Peter Dutton's intervention to save two au pairs from deportation could have been legal, but is "unprecedented" and "a terrible violation of standards," according to a migration agent.
Julie Williams, a registered migration agent at Migration Downunder, told SBS News on Friday that the "extremely fast" timeline and lack of documentation shocked "many in the industry."
The Minister of Internal Affairs released French au pair Alexandra Deuwel from immigration detention in 2015 after being pressured by AFL chief Gil McLachlan.
The same year, he granted a visa to Italian au pair Michela Marchisio, who faced deportation for allegedly planning to work for a former colleague of the Queensland police.
Mr. Dutton used his ministerial powers to prevent the Border Force from deporting young women suspected of planning to work in Australia despite having tourist visas.
What did Peter Dutton say?
In a statement to SBS News, Dutton said he made "decisions on the merit of individual cases in accordance with the law."
Ms. Williams said that although the moves were legal, they were very unusual.
"I have not seen anything like this and I've been practicing for about 20 years, it's unprecedented," he said.
She said that Mr. Dutton's ministerial intervention occurred "extremely quickly," which in Mrs. Marchisio's case was several hours after she was notified.
"Usually, the ministerial intervention takes months, we have cases that have taken 12 months, in one case, three years passed until the minister examined it."
Ms. Williams questioned how all the appropriate processes, such as obtaining medical and police checks, were followed in such a short period of time.
"It's usually a fairly long process, it takes a long time to gather everything and present a good case to the minister."
Others in a lot more need & # 39;
Ms. Williams said that people need to "present compassionate and compelling circumstances about why their case should be overturned."
"[Currently] there are extreme humanitarian cases rejected by the minister that have greater compassionate needs, such as the rejection of visitor visas for relatives abroad who wish to visit their dying relatives or separated partners. "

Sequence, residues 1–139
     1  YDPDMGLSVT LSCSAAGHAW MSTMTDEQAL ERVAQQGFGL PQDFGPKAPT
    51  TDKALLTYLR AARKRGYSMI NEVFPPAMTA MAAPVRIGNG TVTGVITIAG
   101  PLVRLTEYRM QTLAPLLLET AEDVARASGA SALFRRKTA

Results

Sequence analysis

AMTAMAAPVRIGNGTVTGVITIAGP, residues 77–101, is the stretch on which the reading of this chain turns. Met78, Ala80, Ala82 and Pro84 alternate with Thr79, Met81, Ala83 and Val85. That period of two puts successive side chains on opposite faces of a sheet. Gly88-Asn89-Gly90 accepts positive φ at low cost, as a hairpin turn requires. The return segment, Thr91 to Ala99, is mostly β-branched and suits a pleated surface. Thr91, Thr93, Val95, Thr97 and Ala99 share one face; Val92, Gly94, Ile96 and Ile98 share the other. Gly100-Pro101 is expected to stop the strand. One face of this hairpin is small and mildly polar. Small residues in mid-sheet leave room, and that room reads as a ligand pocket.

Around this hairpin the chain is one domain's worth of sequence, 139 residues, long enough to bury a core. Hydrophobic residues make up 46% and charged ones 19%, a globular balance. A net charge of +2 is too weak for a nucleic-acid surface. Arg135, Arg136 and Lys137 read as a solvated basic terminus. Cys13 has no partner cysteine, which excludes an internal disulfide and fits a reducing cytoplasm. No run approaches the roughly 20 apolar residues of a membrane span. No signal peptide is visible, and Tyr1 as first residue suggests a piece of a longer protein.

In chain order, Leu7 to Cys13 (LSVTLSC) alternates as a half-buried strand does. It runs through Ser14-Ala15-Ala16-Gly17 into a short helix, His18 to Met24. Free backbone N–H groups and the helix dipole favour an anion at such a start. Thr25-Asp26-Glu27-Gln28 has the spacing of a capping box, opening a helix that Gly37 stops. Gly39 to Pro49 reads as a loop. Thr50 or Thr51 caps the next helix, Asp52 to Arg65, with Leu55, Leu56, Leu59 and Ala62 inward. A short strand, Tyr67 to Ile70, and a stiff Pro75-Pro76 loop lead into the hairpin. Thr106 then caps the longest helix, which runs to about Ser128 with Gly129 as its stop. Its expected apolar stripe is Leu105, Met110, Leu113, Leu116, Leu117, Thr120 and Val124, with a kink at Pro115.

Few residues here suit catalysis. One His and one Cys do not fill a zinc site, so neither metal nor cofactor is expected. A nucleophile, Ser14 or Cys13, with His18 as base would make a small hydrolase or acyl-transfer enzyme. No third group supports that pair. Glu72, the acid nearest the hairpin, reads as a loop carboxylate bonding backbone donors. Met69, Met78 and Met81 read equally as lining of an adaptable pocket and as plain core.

"Everything is very unusual and it is completely surprising, other colleagues in the industry are up in arms and can not believe it, when they have pending files of current clients … with people who need much more to have some form of ministerial intervention. "
She summarized the minister's actions as "a terrible violation of standards."
& # 39; The best interests of the country & # 39;
But Mr. Dutton has constantly defended his decisions.
"I make a decision that I think is best for our country, I do it every day with visas," Mr. Dutton told the 2GB radio on Friday.
"That's the whole reason for the ministerial intervention, because he thinks the department has made a decision that is not right."
In the case of Ms. Deuwel, Mr. Dutton said that she acted because she thought it was "a little hard" for a young woman without a criminal record to be expelled from the country.
But Mr. Dutton did it despite being told that Ms. Deuwel had been previously advised in May 2015 after violating the visa conditions on a previous visit.
Defense Minister Christopher Pyne described the concerns about the interventions as a "classic storm in a teacup".
"I really do not think there's anything to see here," he told Nine on Friday.
Without special treatment
The head of the AFL, Gil McLachlan, does not believe that he has received special treatment after pressuring Peter Dutton to annul the deportation of a French au pair.
McLachlan insists that his only role in the 2015 incident was to send an email from his cousin to the immigration minister's office.
"All I was really doing was trying to help facilitate the contact, not making a performance," he told 3AW radio on Friday.
"I feel it was reasonable to have done it, others can do their evaluations."
Mr. McLachlan denies having received special treatment because of his public profile.
"That's a question for someone else, but I do not think so," he told 3AW.
"I think this has been treated on its own merits, as the minister said."
Additional reports: AAP